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Controlling claim costs

When an injured worker returns to the job after a workplace injury, everybody wins. Providing care and assistance in returning injured workers back to the workplace reduces costs and lowers premiums for employers, and helps businesses succeed. You can help control costs by keeping workplaces safe and getting injured workers back to work as safely and quickly as possible.

Getting injured workers back to a productive life, at home and at work, requires a partnership between the injured worker, the employer, health-care providers, BWC and the MCO.

  • Returning to work - programs and services to help eligible injured workers safely maintain their employment or return to work

Many times, the injured worker returns to the former job. When that's not possible - at least immediately - there are programs, services and other claim management strategies that can help control the costs of a claim such as:

  • Vocational rehabilitation - Specialized vocational programs and services to help eligible injured workers safely maintain their employment or return to work.
  • Transitional work - A work-site program for an injured worker with job restrictions, transitional work uses real job duties to gradually return the injured worker to the worker’s original job.
  • Salary continuation - Voluntary program whereby the employer continues to pay the injured employee's full salary and benefits after a workplace injury or illness occurs. Salary continuation also is called wages in lieu of temporary total (TT) compensation.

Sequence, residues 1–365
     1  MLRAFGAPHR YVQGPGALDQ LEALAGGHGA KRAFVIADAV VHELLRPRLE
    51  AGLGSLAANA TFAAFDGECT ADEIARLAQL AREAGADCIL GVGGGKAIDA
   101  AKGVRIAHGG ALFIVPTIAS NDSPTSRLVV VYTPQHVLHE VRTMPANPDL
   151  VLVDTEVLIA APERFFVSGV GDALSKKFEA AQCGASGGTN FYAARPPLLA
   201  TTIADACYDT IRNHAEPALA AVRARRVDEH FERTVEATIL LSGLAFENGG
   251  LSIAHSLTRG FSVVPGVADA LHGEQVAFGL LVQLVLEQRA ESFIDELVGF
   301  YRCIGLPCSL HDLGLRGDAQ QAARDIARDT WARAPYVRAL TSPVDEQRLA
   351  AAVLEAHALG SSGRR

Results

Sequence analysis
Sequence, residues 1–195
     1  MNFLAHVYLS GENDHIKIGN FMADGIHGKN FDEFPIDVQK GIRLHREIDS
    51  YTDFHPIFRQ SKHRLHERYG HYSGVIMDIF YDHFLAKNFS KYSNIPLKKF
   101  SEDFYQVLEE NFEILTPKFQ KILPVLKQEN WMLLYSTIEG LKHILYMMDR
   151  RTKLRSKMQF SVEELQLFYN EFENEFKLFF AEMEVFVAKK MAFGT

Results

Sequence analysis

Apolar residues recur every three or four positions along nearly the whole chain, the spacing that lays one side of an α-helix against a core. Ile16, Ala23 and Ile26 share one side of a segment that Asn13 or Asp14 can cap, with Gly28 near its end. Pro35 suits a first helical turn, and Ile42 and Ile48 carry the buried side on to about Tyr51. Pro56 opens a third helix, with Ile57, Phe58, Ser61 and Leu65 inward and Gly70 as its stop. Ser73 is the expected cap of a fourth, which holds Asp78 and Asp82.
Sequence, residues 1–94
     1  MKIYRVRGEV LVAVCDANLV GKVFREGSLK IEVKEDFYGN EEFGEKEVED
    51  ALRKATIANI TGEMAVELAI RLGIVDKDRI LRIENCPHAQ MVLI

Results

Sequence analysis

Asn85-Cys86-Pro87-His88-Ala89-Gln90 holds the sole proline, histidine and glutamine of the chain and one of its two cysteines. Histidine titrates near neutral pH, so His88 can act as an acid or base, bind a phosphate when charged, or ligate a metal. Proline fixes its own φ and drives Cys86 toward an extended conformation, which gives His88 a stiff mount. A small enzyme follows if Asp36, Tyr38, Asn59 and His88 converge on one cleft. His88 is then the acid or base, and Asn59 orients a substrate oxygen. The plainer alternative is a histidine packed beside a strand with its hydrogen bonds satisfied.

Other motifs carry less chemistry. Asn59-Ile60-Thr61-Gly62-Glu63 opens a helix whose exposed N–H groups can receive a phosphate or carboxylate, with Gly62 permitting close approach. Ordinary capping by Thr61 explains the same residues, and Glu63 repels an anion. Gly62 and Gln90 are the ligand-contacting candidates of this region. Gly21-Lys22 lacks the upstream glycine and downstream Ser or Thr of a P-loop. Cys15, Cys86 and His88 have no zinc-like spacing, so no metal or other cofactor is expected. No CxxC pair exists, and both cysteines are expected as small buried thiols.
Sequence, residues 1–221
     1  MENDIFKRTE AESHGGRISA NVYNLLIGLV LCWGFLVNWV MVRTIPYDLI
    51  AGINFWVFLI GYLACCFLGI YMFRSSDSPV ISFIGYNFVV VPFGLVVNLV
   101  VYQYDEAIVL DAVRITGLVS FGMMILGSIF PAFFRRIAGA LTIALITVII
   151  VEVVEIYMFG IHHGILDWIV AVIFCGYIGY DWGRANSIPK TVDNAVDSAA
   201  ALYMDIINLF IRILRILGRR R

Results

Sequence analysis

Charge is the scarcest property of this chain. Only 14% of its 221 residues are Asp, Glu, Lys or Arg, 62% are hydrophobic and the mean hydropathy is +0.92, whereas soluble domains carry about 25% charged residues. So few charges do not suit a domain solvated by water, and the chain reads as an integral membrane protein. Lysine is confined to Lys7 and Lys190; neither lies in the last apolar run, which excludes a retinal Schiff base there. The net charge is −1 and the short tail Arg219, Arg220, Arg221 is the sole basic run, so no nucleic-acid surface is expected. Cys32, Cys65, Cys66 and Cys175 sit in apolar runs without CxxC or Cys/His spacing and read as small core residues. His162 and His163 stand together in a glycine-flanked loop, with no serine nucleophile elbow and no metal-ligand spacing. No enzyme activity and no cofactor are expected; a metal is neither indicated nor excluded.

• Claim settlement - Settlement of a claim forever resolves all past, present or future medical and compensation liabilities for an employer.
  • Subrogation - Process by which BWC collects medical and compensation costs paid on behalf of an injured worker when a third party causes the workers' compensation injury.
  • Handicap reimbursement - BWC encourages employers to hire and retain an employee with a handicapped condition. BWC offers the Handicap Reimbursement Program as a way for employers to reduce claim costs.
  • Non-at-fault motor vehicle accident claims - If an employer can establish that an employee’s claim is the result of a non-at-fault motor vehicle accident involving a third party, BWC may exclude the claim’s costs from the employer’s experience.
  • Recreational waiver - An injury or disability incurred during voluntary participation in an employer sponsored recreation or fitness activity is not compensable if the injured worker signed a waiver.